2.6.2. Nursing care Monitor labs HgB <10 = poor QOL HgB <8 = expect transfusion orders Assess bleeding Avoid invasive procedures when possible Administer blood products

2.6.3. Anemia Very low RBCs Quality of HgB and/or volume PRC Variable levels Males: HgB <13.0; HCT <42 Females: HgB <12.0; HCT <36

2.7. Specific Cancers

2.7.1. Lung Poor prognosis (15% 5-year survival rate) Can be caused by irritants >> cells replaced by dysplastic cells Types SCLC NSCLC Manifestations Coughing, wheezing, stridor Thick, purulent sputum Hemoptysis Dyspnea Back or shoulder pain Weight loss Fatigue Risk factors Tobacco Environment Occupational hazards Complications Pneumonia/PE Cushing's Hypercalcemia Anemia DIC SIADH SVCS Suspicious presentation Diagnostics Labs PFT's Evaluate for mets Post-op care Prevent & detect complications Breath souds q2-4hrs Constant observation of RR distress No deep suctioning DVT prevention C&DB Pain relief Positioning Discharge teaching Pain control Oxygen equipment Postural drainage Energy conservation Exercises Monitoring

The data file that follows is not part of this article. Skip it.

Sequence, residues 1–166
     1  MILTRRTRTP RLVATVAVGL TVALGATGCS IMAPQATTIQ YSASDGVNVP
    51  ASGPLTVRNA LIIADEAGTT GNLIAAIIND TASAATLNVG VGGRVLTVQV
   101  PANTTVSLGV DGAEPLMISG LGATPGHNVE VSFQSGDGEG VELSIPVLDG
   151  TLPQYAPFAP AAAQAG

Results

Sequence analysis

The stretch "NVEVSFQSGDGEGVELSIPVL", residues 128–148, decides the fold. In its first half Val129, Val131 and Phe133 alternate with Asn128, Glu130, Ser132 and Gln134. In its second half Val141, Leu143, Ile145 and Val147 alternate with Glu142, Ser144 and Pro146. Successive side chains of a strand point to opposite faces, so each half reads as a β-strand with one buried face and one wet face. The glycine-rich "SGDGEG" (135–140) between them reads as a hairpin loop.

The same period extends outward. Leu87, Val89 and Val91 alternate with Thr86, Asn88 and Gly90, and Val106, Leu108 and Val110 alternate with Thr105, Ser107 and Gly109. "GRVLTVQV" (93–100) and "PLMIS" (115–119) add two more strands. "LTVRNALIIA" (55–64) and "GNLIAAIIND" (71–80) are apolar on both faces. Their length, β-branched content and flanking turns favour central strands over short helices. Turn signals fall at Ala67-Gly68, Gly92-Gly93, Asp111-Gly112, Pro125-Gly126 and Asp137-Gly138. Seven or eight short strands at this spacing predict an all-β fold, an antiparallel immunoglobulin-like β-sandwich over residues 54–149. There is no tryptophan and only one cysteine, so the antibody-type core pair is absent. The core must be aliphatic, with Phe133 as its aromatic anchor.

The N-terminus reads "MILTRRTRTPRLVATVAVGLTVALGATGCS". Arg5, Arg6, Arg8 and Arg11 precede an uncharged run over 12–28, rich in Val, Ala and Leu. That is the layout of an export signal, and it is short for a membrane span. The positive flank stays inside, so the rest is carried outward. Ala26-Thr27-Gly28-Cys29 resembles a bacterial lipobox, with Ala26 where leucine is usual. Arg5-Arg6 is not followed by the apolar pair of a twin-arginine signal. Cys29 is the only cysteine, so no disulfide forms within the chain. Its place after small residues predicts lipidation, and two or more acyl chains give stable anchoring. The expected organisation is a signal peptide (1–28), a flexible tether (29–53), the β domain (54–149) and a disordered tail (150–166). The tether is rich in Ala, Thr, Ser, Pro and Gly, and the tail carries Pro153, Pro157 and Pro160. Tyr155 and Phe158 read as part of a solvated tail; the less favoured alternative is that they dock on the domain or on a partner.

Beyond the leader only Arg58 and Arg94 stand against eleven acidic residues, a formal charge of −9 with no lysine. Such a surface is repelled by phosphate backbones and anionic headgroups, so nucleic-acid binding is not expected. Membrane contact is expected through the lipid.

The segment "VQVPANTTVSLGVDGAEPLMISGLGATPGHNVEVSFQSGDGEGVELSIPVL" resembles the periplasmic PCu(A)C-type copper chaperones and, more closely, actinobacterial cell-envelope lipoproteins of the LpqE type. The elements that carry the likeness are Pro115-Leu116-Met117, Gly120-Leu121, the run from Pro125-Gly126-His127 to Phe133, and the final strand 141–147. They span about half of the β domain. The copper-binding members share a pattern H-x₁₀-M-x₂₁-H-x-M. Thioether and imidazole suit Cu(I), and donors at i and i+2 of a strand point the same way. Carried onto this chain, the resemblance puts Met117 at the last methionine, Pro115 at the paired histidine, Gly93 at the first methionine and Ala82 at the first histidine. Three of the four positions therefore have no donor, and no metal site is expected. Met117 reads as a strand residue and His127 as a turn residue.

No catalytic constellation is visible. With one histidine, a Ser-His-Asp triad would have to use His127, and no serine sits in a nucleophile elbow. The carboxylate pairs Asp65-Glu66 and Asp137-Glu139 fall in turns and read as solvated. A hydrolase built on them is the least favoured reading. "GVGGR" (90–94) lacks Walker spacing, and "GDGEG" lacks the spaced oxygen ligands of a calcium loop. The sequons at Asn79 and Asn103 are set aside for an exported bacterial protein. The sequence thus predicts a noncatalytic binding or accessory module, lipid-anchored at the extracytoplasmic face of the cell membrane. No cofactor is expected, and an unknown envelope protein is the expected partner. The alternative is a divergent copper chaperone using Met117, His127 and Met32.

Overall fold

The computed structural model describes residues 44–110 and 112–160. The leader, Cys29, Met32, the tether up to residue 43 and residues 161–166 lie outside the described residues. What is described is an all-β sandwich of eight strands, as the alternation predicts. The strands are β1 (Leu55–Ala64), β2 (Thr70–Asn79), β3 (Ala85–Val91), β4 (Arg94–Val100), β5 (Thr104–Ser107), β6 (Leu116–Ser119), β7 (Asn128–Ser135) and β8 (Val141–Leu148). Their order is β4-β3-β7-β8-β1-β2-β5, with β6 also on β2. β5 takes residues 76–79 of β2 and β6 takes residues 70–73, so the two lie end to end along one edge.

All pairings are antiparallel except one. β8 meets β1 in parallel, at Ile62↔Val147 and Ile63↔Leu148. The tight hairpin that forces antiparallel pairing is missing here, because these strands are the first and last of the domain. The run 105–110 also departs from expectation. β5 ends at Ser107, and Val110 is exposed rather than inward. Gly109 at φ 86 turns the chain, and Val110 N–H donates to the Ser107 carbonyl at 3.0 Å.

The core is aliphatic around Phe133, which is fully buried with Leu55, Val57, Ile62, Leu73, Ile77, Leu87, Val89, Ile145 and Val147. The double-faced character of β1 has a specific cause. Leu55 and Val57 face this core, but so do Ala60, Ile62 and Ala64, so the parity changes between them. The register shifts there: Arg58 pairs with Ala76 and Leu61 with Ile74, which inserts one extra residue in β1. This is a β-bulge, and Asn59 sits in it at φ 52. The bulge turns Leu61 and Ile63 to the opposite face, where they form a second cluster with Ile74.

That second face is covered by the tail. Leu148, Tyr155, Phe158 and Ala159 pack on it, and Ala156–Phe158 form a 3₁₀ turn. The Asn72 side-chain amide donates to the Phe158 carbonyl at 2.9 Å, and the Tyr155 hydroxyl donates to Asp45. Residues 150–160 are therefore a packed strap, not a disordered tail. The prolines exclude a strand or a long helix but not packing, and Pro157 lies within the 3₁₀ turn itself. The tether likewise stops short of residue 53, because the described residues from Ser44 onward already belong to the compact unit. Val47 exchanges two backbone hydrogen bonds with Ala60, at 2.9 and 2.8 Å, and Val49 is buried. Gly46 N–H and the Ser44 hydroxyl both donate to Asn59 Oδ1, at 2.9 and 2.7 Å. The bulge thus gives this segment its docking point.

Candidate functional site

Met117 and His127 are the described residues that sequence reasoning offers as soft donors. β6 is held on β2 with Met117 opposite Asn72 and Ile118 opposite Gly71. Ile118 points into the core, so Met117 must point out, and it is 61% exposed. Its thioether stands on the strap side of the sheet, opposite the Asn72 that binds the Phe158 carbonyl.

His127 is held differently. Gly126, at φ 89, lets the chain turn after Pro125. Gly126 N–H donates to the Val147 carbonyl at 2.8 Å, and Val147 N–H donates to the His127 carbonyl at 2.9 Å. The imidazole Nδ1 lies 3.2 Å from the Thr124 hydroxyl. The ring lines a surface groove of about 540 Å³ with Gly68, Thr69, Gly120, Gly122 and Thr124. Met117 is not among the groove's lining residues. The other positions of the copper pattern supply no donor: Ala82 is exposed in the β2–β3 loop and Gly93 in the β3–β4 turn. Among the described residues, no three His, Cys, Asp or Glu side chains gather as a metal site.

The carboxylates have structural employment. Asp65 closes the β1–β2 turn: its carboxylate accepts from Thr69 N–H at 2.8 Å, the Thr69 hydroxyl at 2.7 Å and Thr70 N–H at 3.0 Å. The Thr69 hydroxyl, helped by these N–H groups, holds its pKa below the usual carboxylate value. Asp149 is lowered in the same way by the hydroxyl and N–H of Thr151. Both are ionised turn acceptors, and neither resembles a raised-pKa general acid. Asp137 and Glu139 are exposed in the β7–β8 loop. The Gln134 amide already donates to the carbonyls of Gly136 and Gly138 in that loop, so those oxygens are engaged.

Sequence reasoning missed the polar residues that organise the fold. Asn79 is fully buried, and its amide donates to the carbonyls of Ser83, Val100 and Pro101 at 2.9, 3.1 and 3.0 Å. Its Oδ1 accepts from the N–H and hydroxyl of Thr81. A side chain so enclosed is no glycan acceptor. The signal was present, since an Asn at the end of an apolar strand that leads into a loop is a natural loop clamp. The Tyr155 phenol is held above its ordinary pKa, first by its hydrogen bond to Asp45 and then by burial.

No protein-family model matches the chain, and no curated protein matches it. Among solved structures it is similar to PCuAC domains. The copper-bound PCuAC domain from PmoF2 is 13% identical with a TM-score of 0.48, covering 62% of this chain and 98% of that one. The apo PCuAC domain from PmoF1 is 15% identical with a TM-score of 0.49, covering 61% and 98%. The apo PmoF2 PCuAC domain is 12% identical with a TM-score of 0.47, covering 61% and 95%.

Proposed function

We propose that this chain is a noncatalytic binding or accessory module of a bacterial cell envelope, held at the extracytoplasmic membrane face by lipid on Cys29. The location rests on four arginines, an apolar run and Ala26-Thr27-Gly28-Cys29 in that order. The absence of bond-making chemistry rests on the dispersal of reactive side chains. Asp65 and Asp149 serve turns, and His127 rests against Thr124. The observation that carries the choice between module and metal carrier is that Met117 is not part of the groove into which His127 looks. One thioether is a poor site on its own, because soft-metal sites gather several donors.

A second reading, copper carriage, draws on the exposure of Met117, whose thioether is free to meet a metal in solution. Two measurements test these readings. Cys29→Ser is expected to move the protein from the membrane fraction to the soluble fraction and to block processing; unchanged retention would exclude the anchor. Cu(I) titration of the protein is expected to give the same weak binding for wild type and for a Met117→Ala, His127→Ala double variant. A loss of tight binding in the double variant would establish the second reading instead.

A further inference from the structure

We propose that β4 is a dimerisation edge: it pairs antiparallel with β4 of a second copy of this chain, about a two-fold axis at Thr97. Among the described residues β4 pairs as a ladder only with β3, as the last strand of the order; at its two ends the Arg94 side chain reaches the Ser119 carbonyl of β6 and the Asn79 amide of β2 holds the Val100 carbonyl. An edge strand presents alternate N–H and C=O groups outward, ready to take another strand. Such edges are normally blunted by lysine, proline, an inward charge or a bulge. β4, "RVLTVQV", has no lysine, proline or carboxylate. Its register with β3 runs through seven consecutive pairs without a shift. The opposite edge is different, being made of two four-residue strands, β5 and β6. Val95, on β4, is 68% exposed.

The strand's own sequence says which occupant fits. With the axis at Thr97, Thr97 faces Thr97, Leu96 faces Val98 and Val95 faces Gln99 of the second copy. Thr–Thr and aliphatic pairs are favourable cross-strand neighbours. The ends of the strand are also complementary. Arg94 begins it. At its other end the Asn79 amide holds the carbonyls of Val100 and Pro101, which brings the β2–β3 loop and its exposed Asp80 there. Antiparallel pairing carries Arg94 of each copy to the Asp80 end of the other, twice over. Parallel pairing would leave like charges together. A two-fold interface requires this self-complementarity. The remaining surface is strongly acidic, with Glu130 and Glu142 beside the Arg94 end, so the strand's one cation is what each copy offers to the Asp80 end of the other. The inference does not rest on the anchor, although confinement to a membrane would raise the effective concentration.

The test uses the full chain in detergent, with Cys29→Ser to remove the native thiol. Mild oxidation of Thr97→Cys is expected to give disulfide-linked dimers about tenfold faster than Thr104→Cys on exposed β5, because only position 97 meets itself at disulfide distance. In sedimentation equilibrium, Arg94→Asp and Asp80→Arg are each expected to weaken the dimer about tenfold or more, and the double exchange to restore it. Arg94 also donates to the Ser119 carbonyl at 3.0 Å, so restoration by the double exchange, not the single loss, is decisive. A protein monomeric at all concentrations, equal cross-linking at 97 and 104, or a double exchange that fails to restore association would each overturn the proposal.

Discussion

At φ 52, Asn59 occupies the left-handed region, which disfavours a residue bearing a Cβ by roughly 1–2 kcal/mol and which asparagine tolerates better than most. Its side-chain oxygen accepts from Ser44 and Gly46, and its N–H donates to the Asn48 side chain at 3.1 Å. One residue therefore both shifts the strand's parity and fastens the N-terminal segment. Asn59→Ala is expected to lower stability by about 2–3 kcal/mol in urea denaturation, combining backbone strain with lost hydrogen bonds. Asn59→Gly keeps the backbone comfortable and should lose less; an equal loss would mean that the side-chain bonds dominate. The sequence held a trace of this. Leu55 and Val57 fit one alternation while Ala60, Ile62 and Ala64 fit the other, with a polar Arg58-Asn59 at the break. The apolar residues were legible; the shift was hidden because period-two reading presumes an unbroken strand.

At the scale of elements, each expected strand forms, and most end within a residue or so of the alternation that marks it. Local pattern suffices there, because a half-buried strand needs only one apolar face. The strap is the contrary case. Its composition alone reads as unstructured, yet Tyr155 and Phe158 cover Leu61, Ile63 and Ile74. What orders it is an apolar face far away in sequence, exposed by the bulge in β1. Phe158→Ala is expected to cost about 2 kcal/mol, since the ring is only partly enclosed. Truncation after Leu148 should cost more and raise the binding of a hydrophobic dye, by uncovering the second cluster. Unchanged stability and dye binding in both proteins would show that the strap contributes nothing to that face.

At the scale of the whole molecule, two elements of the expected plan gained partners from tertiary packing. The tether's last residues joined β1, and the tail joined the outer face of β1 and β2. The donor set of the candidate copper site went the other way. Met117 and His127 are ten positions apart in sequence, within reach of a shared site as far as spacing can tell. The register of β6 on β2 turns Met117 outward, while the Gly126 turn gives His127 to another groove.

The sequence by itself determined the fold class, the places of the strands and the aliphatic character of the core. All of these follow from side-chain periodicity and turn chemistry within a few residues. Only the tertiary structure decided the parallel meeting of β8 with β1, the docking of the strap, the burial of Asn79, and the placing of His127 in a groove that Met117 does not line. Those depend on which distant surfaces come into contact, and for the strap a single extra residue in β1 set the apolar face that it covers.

2.7.2. Breast Common presentation Hard, irregular, fixed, painless lump Usually unilateral & in UOQ Other symptoms Risk factors Age +40 High SES Early menarche Late menopause Medical management Chemo Radiation Surgery Mastectomy care Pre-op Post-op Complications

2.7.3. Gastrointestinal Sub-types Gastric Colon Risk factors Diet Smoking Family history Chronic GI inflammation Urban living Poor diet

2.7.4. Brain tumors Benign or malignant Manifestations Local or general neuro symptoms Symptoms of IICP HA Vomiting Vision disturbances Hormonal effects (pit. adenoma) Loss of hearing, tinnitus, vertigo (acoustic neuroma) Pathologic events IICP Seizures Hydrocephalus Altered pituitary fxn

2.7.5. Spinal cord tumors Intra- or extra-medullary Manifestations Pain Weakness Loss of motor fxn, reflexes, sensations Treatment based on type/location Surgical removal Decompression

2.7.6. Skin cancer Frequently r/t sun exposure Three key types Basal cell carcinoma Squamous cell carcinoma Malignant melanoma

2.8. Oncologic Emergencies